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Indigenous kids learn about robotics at summer camp

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A group of Indigenous students are split into two classrooms at the University of Calgary where one group learns how to code and the second builds robots from Lego kits.

Rob Cardinal is the co-founder of IndigeSTEAM and the STEM coordinator for the Siksika Board of Education. He's not physically at camp but overseeing it with the help of an Ohmni Telepresence Robot.  It allows him to listen in to the teaching and even help students learn though a video monitor and camera attached to a stand on wheels that he can maneuver from his computer. The students see and talk to him in real time.

"With IndigeSTEAM we're really trying to make access to camps like this more available to our Indigenous youth," said Cardinal. "It's the hands-on learning that we're after giving them."

Logan Arcilla is IndigeSTEAM's technical support teaching the students at camp. The 25-year-old is from the Alexis First Nation northwest of Edmonton and said he didn't have any camps like this when he was young and loved to take things apart and rebuild them. He's passing on what he's learned hoping some of the students will choose a career involving STEAM.

"Because they're Indigenous there's a little bit more opportunity and some companies, they want to be able to give back to the communities and that's so great," he said. "Giving back to the communities has been like my number one priority from day one to teach robotics at reserves and summer camps like this."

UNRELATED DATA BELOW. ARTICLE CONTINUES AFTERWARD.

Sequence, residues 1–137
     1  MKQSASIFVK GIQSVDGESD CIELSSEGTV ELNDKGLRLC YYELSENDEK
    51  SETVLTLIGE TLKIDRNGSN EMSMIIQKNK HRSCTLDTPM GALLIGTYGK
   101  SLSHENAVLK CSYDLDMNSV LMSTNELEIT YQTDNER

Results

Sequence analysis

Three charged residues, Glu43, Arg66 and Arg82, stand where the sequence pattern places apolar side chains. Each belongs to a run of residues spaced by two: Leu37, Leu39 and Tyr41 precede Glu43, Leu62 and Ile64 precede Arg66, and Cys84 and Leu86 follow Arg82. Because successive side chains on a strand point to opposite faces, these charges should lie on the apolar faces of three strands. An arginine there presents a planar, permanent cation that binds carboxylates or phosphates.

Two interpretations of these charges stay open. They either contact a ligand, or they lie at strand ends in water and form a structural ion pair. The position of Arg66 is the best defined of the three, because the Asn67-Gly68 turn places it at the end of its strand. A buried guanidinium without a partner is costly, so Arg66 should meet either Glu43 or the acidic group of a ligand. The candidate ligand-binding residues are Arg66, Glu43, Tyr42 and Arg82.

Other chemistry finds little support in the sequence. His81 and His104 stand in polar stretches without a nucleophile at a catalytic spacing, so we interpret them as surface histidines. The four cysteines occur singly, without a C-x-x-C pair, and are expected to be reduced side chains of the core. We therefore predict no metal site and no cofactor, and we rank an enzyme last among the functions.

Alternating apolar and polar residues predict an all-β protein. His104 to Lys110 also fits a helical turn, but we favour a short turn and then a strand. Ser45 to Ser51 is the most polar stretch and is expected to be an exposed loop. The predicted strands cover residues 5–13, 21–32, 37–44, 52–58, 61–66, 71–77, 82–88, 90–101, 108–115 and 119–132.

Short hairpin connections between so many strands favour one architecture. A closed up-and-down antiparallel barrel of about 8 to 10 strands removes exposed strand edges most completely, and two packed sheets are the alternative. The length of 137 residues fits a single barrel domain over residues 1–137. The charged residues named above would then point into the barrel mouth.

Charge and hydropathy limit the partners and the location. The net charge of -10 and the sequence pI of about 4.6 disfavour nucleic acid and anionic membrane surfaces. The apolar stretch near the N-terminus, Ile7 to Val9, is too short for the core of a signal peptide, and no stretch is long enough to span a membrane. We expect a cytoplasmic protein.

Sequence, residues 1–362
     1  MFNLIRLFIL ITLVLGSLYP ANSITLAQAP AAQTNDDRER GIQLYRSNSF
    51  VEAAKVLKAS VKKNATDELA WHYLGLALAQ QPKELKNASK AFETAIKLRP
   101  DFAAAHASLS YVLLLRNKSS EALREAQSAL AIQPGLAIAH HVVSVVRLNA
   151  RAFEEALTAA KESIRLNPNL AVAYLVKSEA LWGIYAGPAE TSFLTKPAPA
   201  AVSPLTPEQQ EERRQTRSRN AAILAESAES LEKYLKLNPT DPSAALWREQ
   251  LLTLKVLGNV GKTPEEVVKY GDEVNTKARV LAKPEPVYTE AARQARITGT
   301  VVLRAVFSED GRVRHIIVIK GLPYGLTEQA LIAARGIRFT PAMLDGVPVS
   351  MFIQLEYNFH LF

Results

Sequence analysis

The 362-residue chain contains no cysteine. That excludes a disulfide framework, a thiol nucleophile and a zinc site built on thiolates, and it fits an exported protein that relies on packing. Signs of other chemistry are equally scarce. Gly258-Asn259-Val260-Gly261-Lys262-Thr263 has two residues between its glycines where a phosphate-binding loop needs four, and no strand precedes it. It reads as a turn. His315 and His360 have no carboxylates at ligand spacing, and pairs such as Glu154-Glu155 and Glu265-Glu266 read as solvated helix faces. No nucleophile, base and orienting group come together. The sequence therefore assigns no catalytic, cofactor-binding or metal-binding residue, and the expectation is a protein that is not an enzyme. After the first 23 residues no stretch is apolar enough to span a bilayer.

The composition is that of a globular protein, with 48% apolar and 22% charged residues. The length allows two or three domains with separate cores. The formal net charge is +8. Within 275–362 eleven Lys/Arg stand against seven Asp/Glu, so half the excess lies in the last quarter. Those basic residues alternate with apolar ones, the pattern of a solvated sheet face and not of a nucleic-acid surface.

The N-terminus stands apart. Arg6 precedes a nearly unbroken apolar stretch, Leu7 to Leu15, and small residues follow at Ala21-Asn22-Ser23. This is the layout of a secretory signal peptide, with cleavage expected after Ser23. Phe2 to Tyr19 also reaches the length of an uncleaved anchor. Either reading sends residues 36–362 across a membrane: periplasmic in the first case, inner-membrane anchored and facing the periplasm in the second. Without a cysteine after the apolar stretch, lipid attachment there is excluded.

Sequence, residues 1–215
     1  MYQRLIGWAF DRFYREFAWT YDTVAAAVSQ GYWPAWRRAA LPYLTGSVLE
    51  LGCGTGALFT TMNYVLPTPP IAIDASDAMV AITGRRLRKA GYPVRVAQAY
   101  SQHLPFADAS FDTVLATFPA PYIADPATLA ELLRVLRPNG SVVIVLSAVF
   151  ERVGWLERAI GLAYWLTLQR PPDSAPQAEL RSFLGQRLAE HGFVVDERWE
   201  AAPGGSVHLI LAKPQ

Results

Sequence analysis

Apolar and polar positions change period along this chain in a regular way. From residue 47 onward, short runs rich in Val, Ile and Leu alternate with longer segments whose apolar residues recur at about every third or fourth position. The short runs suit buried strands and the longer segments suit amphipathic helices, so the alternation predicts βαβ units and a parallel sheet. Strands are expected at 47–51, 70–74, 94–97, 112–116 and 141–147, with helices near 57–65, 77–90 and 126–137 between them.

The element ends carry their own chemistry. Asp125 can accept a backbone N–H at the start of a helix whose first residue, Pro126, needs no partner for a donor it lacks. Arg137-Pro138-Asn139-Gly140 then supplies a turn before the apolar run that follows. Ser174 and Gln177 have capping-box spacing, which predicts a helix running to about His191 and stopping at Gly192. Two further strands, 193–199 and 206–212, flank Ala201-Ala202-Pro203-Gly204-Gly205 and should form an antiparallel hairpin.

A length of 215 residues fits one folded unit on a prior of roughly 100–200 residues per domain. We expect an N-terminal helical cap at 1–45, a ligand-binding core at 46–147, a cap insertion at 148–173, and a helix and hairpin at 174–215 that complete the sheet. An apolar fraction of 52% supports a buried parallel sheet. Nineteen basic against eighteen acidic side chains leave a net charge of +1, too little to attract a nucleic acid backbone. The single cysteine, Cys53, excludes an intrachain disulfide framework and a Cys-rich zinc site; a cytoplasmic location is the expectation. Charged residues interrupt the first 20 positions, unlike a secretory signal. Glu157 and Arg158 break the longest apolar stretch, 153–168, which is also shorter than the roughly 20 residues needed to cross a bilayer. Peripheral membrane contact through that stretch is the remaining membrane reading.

ROBOTIC SOLUTIONS

Sanah Jowhari is the CEO and co-founder of Pantala Technologies and has partnered with IndigeSTEAM.

"We're a distributor and integrator of robotic solutions, we're super thrilled at the acceptance of this technology as just a new form of learning and collaboration, very thrilled with our partnership with IndigeSTEAM," she said. "At the heart of it, this really is a case for making education accessible and exciting with the help of advanced robotics and when you think about it telepresence offers a fantastic dimension to learn at a global level."

Students have a choice about what kind of robot to make out of Lego and Brendon Many Bears shows off one robot sporting bells and feathers, incorporating a cultural theme.

"The Chicken Dance is one of our traditional dances in the Blackfoot culture," he said. "We have it at pow wows and we get the students to build these, they try to mimic the dances with the robots here."

Using one of the robots the students get the opportunity to tour where the Ohmni robots are made over 2,100 kilometres away.

"We're here in San Jose, California, Santa Clara Valley," Rudy Gonzalez, Ohmnilabs brand manager tells the students. "This is Ohmnilabs, this is our 3D printing facility on the manufacturing floor here and you're seeing a line of custom made 3D printers."

Maeve Lobb is 14-years-old and operates one of the Ohmni Telepresence Robots around the classroom with a computer keyboard.

"It can basically go anywhere," she said. "From your screen you can see anywhere in the world, you control it with the arrow keys, there is (a view) of the floor so you can drive more accurately and see where you are so you don't bump into things. I don't know a lot about computers because I haven't really done robotics a lot but I like this camp because you get to learn about a lot of things like this."

Learn more about IndigeSTEAM here: https://www.indigesteam.ca/

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